Abstract TP441: Fornix Microstructure Correlates with Post-stroke Memory Impairment Independently of Lesion Volume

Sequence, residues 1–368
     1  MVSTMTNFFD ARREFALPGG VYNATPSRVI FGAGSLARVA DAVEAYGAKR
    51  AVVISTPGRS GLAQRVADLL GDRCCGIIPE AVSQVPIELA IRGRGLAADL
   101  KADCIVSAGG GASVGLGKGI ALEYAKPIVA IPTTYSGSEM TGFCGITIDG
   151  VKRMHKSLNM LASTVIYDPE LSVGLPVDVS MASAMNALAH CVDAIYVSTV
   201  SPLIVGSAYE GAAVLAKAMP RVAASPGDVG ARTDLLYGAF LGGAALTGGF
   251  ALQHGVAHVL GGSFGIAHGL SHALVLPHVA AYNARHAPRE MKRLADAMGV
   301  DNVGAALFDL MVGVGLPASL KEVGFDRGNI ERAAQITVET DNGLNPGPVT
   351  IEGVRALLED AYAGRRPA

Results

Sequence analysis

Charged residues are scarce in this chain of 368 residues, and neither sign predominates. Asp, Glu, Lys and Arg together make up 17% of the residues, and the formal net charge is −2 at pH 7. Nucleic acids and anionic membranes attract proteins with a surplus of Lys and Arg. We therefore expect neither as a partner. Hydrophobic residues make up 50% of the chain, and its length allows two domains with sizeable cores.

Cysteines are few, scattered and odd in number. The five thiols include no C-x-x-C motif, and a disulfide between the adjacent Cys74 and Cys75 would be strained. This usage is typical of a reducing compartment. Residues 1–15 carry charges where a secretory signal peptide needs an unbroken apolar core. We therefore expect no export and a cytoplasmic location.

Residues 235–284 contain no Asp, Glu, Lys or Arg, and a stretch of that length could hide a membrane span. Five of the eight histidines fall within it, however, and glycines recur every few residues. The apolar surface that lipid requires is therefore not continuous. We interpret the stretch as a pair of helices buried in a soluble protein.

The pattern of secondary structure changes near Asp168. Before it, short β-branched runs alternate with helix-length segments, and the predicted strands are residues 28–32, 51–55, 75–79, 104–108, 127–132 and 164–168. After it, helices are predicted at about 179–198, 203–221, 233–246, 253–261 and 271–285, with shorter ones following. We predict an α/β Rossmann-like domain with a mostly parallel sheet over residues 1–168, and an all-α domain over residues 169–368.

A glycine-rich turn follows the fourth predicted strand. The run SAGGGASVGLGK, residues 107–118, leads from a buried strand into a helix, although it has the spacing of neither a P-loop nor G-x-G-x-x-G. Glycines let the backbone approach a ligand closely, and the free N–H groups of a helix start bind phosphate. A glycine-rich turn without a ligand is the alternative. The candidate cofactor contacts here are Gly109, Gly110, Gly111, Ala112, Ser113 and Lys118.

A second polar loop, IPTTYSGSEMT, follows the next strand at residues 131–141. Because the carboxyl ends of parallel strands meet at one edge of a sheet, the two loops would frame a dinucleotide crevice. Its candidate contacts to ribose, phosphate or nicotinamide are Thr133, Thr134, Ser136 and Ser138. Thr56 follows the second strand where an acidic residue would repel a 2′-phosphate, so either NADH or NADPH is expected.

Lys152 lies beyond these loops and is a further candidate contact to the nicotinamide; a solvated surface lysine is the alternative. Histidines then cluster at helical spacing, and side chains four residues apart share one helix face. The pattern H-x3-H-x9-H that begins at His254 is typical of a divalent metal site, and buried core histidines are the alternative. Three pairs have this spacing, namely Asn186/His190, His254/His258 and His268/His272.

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Memory impairment is common and a cause of unmet need after stroke. One third of patients recover spontaneously over the first year. Others develop later decline. The mechanism of recovery and the contribution of comorbid neurodegenerative pathology are not well understood. Data from older adults and Mild Cognitive Impairment suggest preserved memory depends on reorganisation of function between the fornix and other temporal lobe white matter tracts. The STRATEGIC study investigates memory over the first year post-stroke. The current analysis uses baseline data to investigate the contributions of initial infarct and white matter status to initial memory impairment. Patients (n = 21; 5 lacunar, 12 MCA, 4 PCA; 11 left hemisphere, 10 right) performed a cognitive battery and had diffusion-weighted MRI at 30-95 days after stroke onset (median = 64 days). Healthy controls (n = 33) provided the same measures. We reconstructed the fornix using HARDI-based deterministic tractography. Lesions were drawn manually on FLAIR images and direct injury of the fornix was excluded. We tested free recall using a delayed verbal memory test and recognition memory using a face recognition test with trialwise confidence ratings. Recall was markedly lower in patients than controls (50% vs 71%, p < 0.001) but did not correlate with age, lesion volume or fornix integrity in patients. Recognition memory was unimpaired in patients. For confidently remembered items, performance correlated with fornix mean diffusivity in both controls (r = -0.344, p < 0.05) and patients (r = -0.544, p < 0.05). Controlling for age eliminated the correlation in controls but in patients there was a correlation independent of age and lesion volume (r = -0.531, p < 0.05). These findings demonstrate that preserved recognition memory after stroke depends on the status of the fornix and is independent of infarct volume. Compromise of fornix structure from pre-existing neurodegeneration may be a predictor of poor cognitive outcome after stroke. Verbal recall in patients was independent of fornix integrity. Investigation of other temporal lobe pathways may reveal reorganisation underpinning partially preserved recall in some patients.

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